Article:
'The President Was Frustrated.' Here's Why Attorney General Barr Believes Trump Did Not Obstruct Justice

Mahita Gajanan

Special Counsel Robert Mueller documented at least 10 episodes in which President Donald Trump may have obstructed justice during investigations of his campaign and Russian meddling in the 2016 election.

But Attorney General William Barr said Thursday morning that he did not believe Trump met the legal standard for obstruction of justice, in large part because he had other motivations for his actions.

“There is substantial evidence to show that the President was frustrated and angered by a sincere belief that the investigation was undermining his presidency, propelled by his political opponents, and fueled by illegal leaks,” he said.

Mueller’s report is not yet public, but critics have long charged that Trump may have obstructed justice when he fired FBI Director James Comey, reportedly threatened to fire Special Counsel Robert Mueller, dictated a misleading statement to the New York Times on behalf of his son and regularly attacked prosecutors, threatened potential witnesses and praised allies.

But the legal standard to prove obstruction of justice is a high bar, requiring prosecutors show a “corrupt intent” behind the actions, and Barr argued in a press conference before the report came out that the standard had not been met.

In the report, Mueller declined to make a traditional law enforcement decision on whether Trump had obstructed justice, but Barr and Deputy Attorney General Rod Rosenstein then determined that he had not, informing Congress of their decision in late March.

Read More: Full Transcript of William Barr’s Press Conference

Barr gave several reasons for this decision: 1) he and Rosenstein disagreed with Mueller’s legal theories on some of the episodes, 2) Trump’s state of mind during the investigation gave him other motivations than “corrupt intent” and 3) Trump otherwise cooperated with the investigation.

In spite of their disagreements with Mueller over legal interpretations, Barr said he and Rosenstein still found the evidence fell short.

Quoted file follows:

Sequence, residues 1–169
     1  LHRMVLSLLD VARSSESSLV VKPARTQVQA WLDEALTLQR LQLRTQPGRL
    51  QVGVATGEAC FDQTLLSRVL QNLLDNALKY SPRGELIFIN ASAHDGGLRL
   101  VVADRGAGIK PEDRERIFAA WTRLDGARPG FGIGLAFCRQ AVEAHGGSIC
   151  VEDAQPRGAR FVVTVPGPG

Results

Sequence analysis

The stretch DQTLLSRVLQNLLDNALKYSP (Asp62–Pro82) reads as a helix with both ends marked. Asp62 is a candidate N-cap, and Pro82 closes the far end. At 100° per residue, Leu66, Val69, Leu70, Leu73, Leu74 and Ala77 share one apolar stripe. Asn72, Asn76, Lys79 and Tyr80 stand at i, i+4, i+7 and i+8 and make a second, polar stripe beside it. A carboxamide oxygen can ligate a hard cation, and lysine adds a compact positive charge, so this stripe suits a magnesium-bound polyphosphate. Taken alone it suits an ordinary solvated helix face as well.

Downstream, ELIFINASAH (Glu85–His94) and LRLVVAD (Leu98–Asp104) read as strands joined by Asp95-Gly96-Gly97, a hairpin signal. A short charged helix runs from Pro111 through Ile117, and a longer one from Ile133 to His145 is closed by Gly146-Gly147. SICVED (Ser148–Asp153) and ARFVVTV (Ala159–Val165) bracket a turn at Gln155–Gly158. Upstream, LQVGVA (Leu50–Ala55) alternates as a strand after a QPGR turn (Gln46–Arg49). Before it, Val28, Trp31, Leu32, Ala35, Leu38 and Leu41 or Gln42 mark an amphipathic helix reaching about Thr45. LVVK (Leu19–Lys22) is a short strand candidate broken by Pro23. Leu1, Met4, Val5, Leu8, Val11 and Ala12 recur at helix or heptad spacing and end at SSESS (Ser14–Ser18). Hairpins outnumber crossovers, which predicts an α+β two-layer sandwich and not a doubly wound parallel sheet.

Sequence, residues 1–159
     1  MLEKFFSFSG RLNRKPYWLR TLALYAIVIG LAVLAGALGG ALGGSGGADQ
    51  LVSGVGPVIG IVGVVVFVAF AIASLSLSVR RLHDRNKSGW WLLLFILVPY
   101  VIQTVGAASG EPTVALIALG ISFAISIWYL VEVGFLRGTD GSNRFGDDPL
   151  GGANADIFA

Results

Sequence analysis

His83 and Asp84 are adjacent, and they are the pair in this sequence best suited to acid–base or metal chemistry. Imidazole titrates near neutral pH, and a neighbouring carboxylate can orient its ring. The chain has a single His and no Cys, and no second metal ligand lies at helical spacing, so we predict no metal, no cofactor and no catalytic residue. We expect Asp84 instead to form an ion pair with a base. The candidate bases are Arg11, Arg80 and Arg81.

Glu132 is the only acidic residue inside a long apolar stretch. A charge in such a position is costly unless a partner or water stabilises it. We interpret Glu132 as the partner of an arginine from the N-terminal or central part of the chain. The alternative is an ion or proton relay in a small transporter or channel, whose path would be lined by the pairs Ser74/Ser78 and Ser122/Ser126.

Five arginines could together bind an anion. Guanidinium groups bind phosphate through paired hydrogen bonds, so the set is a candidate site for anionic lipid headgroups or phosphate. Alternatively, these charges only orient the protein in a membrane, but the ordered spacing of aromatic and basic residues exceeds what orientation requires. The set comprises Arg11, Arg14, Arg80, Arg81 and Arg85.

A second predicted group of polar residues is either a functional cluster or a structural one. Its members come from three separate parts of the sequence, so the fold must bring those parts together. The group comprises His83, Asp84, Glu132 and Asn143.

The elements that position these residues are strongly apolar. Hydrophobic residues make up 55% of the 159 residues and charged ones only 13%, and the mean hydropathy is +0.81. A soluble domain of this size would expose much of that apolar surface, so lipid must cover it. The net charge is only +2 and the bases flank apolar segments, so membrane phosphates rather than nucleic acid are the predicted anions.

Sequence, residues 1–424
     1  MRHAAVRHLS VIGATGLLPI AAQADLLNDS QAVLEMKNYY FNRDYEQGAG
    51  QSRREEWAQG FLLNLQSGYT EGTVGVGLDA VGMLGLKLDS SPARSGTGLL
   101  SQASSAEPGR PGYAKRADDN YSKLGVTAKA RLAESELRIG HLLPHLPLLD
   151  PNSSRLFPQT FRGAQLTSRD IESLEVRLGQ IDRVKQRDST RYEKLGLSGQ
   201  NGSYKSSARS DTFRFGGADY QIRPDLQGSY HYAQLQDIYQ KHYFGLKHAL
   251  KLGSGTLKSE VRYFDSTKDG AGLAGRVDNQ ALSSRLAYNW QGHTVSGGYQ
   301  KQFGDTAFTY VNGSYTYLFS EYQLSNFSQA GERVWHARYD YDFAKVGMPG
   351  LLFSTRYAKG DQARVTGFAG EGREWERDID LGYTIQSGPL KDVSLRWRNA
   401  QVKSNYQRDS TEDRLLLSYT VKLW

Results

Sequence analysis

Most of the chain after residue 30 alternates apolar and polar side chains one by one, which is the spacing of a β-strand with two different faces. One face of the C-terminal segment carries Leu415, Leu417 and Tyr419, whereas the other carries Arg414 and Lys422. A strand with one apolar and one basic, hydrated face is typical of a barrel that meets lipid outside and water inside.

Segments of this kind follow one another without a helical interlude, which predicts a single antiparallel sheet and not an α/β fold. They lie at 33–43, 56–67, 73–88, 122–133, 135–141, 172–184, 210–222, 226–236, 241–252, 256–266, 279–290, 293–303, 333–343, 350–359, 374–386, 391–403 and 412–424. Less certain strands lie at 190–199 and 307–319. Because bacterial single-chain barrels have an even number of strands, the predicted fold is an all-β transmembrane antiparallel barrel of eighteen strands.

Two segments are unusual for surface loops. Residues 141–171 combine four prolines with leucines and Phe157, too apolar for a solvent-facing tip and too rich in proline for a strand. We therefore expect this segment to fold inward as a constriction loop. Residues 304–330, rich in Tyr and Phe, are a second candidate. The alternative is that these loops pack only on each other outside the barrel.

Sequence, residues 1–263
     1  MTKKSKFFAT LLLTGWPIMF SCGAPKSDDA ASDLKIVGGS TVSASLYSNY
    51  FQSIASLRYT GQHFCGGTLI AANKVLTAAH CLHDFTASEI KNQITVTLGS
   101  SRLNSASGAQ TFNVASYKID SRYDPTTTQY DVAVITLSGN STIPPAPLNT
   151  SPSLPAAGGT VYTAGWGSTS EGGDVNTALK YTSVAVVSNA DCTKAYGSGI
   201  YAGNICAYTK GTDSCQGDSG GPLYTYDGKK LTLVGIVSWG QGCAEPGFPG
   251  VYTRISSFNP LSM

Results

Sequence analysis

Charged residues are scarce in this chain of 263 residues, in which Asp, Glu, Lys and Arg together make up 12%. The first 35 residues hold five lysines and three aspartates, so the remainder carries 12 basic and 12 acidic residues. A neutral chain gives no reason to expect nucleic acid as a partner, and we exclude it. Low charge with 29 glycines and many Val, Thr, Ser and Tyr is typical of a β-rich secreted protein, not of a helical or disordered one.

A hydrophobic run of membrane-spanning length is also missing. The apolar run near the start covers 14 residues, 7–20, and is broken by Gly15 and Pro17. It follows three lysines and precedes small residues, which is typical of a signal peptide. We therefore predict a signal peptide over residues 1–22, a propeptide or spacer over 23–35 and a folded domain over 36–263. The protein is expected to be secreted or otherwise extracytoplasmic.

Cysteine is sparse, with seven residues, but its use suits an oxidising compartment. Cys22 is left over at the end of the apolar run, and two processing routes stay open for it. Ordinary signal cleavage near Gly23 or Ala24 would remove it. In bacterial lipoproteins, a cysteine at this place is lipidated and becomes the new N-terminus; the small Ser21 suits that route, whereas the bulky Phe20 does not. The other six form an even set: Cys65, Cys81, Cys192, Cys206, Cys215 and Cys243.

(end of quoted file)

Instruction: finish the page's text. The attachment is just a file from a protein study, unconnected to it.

“Although the deputy attorney general and I disagreed with some of the special counsel’s legal theories and felt that some of the episodes examined did not amount to obstruction as a matter of law, we did not rely solely on that in making our decision,” Barr told reporters.

Barr also argued that it was important to understand the context of Trump’s behavior.

“President Trump faced an unprecedented situation,” he said. “As he entered into office, and sought to perform his responsibilities as President, federal agents and prosecutors were scrutinizing his conduct before and after taking office, and the conduct of some of his associates. At the same time, there was relentless speculation in the news media about the President’s personal culpability.”

Read More: The 270 Arguments Trump Has Made About the Russia Probe

Despite Trump’s frustration, the White House “fully cooperated” with Mueller’s probe, “providing unfettered access to campaign and White House documents, directing senior aides to testify freely, and asserting no privilege claims,” Barr said.

He added: “At the same time, the President took no act that in fact deprived the Special Counsel of the documents and witnesses necessary to complete his investigation. Apart from whether the acts were obstructive, this evidence of non-corrupt motives weighs heavily against any allegation that the President had a corrupt intent to obstruct the investigation.”

Democrats were unhappy with Barr’s remarks during the press conference.

“It’s a disgrace to see an Attorney General acting as if he’s the personal attorney and publicist for the President of the United States,” tweeted Massachusetts Sen. Elizabeth Warren, who is running for the 2020 Democratic presidential nomination.